According to ScienceDaily, researchers have developed a new method to deliver drugs and therapies into cells at the nanoscale level.
What makes this new approach particularly promising is that it does not lead to toxic side effects, unlike other similar efforts attempted by researchers. The problem frequently faced was in the delivery of the therapeutic genes into cells, the nanomaterials only showing low delivery efficiency of medicine and possible toxicity.
The Washington State University (WSU) research team was able to overcome that hurdle. Led by Yuehe Lin, WSU School of Mechanical and Materials Engineering professor, and Chunlong Chen, senior scientist at the Department of Energy’s Pacific Northwest National Laboratory, the group successfully developed biologically inspired materials at the nanoscale that were able to deliver model therapeutic genes into tumor cells effectively.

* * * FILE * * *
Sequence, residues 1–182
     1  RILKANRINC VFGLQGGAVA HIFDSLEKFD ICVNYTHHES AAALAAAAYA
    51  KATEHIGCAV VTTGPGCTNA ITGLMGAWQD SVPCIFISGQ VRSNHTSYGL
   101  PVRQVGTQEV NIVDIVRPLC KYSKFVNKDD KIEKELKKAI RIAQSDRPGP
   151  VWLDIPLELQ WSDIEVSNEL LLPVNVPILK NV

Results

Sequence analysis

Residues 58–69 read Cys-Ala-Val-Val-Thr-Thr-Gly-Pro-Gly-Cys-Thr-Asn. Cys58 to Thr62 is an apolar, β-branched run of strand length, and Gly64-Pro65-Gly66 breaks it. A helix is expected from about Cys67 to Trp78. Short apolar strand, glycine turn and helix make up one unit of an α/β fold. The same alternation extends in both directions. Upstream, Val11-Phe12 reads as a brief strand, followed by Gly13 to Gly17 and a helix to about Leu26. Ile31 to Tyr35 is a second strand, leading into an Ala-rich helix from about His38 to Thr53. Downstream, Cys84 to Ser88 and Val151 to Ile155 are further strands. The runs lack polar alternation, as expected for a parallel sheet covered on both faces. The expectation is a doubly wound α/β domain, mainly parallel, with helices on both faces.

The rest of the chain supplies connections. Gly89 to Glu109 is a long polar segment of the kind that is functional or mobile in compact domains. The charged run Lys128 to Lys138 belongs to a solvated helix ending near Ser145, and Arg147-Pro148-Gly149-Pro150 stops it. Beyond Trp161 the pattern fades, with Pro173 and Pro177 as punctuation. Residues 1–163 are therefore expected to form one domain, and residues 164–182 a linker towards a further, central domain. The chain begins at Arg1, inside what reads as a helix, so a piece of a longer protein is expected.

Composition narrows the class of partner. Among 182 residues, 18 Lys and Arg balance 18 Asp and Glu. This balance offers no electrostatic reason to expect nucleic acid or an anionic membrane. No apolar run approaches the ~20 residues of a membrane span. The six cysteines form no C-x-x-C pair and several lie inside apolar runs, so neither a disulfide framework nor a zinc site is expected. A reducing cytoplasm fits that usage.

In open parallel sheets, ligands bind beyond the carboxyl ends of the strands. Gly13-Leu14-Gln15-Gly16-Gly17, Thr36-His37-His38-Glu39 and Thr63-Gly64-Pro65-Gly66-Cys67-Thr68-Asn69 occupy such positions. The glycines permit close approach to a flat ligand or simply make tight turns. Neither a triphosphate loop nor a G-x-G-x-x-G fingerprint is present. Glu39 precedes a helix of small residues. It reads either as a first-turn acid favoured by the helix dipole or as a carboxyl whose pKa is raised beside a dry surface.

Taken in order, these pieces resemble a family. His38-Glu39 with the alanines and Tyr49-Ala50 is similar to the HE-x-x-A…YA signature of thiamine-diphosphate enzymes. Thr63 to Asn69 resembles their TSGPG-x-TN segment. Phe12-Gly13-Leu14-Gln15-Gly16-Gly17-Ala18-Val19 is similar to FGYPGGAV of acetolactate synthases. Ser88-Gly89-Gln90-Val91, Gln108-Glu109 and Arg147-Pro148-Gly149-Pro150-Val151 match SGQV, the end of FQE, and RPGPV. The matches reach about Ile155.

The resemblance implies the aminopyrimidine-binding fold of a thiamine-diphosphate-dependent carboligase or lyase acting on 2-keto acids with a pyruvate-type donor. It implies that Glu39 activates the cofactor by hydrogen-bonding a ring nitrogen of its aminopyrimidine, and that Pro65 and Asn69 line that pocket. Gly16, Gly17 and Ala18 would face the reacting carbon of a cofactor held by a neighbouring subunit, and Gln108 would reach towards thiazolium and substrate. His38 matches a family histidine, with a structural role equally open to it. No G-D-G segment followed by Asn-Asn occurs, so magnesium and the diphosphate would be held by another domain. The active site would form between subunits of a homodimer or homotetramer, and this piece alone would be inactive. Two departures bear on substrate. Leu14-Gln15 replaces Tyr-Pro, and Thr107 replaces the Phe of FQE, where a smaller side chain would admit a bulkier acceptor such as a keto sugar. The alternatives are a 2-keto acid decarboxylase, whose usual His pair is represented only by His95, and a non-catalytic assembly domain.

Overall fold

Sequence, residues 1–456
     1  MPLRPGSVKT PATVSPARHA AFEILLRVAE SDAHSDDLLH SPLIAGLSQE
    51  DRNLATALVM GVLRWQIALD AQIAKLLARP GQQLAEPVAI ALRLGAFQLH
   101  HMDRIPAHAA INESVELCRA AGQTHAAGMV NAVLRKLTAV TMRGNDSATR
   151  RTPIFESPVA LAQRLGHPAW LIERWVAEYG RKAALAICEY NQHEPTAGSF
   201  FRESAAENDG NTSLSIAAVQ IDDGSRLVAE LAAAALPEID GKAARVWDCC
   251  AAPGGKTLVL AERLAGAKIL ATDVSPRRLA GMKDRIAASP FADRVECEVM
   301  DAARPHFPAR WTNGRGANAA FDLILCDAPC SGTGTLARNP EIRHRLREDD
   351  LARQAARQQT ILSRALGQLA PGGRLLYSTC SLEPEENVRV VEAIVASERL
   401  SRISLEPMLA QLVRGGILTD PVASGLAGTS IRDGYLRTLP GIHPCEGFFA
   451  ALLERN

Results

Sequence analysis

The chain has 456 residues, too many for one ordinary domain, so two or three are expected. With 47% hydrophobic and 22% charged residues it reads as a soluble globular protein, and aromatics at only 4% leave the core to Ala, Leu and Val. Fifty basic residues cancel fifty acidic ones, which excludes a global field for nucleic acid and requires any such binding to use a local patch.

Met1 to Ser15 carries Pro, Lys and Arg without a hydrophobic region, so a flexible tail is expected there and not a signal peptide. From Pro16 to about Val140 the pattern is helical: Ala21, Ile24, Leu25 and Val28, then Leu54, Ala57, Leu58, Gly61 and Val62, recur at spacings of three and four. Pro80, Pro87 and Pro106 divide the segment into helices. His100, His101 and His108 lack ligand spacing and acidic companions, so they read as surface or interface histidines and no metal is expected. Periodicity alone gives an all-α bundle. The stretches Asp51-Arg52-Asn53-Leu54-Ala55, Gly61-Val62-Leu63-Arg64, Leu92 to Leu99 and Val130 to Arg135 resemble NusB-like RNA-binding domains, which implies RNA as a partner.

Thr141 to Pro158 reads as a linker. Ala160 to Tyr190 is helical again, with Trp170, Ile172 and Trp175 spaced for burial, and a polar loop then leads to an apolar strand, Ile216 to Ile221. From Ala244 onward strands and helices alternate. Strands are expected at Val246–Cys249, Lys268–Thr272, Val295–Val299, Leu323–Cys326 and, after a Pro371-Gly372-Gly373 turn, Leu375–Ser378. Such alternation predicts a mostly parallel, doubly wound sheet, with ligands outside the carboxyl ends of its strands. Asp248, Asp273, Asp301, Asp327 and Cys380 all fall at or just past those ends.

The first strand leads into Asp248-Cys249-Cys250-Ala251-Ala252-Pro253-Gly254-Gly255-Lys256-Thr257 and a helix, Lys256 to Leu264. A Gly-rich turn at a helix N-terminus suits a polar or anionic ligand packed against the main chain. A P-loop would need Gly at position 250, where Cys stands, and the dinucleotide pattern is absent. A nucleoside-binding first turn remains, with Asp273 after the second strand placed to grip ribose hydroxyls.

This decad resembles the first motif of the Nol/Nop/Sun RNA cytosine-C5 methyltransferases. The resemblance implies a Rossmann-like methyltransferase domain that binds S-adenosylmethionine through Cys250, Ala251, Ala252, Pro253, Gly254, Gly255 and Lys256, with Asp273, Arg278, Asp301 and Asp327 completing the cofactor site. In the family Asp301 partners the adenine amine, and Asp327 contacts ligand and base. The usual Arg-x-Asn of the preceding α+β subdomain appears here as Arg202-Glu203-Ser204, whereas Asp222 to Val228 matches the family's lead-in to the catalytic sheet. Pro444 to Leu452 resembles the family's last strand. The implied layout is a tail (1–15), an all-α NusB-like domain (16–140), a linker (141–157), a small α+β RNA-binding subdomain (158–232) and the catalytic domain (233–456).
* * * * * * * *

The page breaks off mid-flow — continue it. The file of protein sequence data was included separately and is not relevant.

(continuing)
“The nanoflowers successfully and rapidly escaped (the cell trap) and exhibited minimal cytotoxicity,” says Lin, who hopes to eventually conduct further studies using real medicines.
“This paves a new way for us to develop nanocargoes that can efficiently deliver drug molecules into the cell and offers new opportunities for targeted gene therapies,” says Lin.
In support of the advancement of nanotechnology, ECS offers two awards to recognize individuals who have made outstanding contributions to the field.
The Nanocarbons Division Richard E. Smalley Research Award and Nanocarbons Division Robert C. Haddon Research Award recognize those who’ve made outstanding contributions to the science of fullerenes, nanotubes, and carbon nanostructures.